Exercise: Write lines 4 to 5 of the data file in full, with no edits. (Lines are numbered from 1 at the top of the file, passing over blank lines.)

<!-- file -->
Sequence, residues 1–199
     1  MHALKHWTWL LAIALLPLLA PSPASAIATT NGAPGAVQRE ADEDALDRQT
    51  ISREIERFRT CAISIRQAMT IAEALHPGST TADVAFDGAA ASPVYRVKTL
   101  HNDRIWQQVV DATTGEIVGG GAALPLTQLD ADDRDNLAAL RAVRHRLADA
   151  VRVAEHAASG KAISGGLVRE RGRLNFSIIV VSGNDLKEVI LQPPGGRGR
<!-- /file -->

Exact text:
   101  HNDRIWQQVV DATTGEIVGG GAALPLTQLD ADDRDNLAAL RAVRHRLADA
   151  VRVAEHAASG KAISGGLVRE RGRLNFSIIV VSGNDLKEVI LQPPGGRGR